Tatsuya didn't particularly feel any lingering attachments towards having said goodbye to Kamurocho a year ago. Tatsuya had his own reasons for this - he believed that no matter how much time had passed, he would be able to carry on the same relationships with everyone, but his companions have all matured, too, and though they feel the same, they can't go on with their relationships in the same way. This is what I had in mind when making the scene where he reunites with Tenma Sakaki. Tatsuya doesn't regret that he was able to make his debut as a professional boxer. He knows perfectly well what a huge chance he snatched, and both the people around him and his sister praise him. However, when he returns to Kamurocho he has an internal conflict about whether he can leave alone the sense of off-ness he feels; it is during Chapter 2 when he begins to feel as though this is impossible.
What I thought when production began on Kurohyo 2 was that, although he has matured, Tatsuya still hasn't matured enough to be able to solve the incidents and troubles of the people around him all by himself. Tatsuya mentions the word "philosophy" in Chapter 2, but simply put this is his sense of purpose or meaning. This means that it's because they have a reason or goal that there's a meaning behind his violence. Tatsuya learned this in the previous game, but he still hasn't quite made it far enough yet to be able to tell anyone anything from it. Born from this was Ryusho Kuki. He is the prodigal son, yet he has his own pride, and even though other people misunderstand him he has something passionate deep down. I wanted someone whose standpoint is a bit above Tatsuya's, but I thought that it would be more interesting to have someone who's not yet complete as a person walking alongside Tatsuya, and so I made him into this kind of character. As Tatsuya becomes more of an adult, he might turn into someone like Ryusho. I wanted to portray a new kind of charming adult in Kurohyo 2, so I think he turned out to be in a pretty good role.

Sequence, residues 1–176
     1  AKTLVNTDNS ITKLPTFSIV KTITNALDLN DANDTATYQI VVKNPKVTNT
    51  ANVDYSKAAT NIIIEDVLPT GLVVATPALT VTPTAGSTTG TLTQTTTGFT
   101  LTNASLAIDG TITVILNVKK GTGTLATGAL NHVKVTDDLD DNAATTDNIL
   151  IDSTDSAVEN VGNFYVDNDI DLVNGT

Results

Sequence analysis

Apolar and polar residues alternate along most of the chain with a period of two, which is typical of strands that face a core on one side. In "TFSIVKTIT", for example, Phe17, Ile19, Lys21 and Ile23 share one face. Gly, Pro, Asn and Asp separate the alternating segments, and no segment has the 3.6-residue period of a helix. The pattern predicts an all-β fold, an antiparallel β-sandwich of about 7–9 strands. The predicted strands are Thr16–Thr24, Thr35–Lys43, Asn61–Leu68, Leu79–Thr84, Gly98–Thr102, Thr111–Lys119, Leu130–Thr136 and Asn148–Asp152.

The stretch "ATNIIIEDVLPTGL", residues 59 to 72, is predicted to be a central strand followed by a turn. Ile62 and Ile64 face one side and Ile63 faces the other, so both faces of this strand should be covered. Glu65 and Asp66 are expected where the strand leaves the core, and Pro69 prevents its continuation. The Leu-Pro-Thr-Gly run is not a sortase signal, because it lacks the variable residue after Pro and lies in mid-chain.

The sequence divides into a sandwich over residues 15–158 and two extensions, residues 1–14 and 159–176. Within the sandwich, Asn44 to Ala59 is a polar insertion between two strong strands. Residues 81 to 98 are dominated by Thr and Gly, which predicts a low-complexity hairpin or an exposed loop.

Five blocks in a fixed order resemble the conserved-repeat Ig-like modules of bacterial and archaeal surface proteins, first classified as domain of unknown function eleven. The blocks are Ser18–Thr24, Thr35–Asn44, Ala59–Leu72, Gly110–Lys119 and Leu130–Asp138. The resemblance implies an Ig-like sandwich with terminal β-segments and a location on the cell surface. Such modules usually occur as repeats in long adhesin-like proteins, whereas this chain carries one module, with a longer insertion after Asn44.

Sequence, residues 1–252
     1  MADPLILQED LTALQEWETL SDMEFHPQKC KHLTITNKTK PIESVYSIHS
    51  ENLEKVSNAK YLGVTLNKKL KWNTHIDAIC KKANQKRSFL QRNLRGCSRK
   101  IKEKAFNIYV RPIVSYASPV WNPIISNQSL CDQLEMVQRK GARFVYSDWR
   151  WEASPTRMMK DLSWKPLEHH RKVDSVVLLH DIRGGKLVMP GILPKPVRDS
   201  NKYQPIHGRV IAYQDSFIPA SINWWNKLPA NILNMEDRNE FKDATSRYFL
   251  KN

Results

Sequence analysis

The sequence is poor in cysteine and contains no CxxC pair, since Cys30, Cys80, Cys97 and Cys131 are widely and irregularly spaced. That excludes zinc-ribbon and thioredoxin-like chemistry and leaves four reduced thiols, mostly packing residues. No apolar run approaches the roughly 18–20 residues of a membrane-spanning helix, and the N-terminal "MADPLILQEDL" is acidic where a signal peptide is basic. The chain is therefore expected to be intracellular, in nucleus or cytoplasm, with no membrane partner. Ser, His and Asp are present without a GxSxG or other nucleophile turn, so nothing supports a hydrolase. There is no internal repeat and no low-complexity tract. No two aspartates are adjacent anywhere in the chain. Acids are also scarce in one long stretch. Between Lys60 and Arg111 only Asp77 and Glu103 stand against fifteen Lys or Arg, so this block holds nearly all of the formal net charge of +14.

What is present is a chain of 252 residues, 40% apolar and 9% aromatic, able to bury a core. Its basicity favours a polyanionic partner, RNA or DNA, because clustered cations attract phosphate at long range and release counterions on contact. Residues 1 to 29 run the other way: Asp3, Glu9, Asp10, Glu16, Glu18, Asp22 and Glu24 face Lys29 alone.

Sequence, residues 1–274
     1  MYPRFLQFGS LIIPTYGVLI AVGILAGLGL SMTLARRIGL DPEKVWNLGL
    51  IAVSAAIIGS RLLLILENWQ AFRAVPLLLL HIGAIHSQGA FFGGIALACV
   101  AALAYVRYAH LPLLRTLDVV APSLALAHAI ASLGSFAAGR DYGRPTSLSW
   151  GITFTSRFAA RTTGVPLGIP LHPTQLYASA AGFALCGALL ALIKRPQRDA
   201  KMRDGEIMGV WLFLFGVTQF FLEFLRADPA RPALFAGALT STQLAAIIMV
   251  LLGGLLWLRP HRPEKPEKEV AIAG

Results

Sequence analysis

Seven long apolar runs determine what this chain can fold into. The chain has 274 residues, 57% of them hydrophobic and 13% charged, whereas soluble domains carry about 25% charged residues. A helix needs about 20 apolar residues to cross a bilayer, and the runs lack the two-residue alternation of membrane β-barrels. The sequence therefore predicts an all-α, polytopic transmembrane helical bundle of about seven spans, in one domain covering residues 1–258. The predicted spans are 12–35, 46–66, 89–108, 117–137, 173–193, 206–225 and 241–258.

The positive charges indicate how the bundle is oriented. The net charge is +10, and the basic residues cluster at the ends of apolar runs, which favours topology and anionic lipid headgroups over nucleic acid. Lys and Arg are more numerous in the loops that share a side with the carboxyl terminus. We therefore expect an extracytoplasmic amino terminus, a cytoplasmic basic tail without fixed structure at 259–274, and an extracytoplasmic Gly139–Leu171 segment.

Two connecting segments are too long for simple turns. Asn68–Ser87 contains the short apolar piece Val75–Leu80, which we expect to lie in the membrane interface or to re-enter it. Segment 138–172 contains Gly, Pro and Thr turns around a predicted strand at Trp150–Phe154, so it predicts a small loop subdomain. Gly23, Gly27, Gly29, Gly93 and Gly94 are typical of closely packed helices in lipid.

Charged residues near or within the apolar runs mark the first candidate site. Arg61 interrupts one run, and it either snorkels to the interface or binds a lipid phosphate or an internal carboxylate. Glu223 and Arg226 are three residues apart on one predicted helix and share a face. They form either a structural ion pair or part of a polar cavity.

This is the chapter where the fight between Dragon Heat and Ashura begins, but the way the enemies are presented is different from the previous game. By bringing up the condition of achieving 10 consecutive wins at the beginning of the last game, we made it so that the player would know that they needed 10 wins, but in addition to this in this game we set it up so that the enemies' strength would be brought out in an objective manner. I wanted to make the foes appear sensationally strong, and entrusted with this was Shinobu Okita. He is Ashura's first assassin, so I did want to make him look somewhat strong; his voice, performed by Han-kun of Shonan no Kaze, was a good match and felt nice.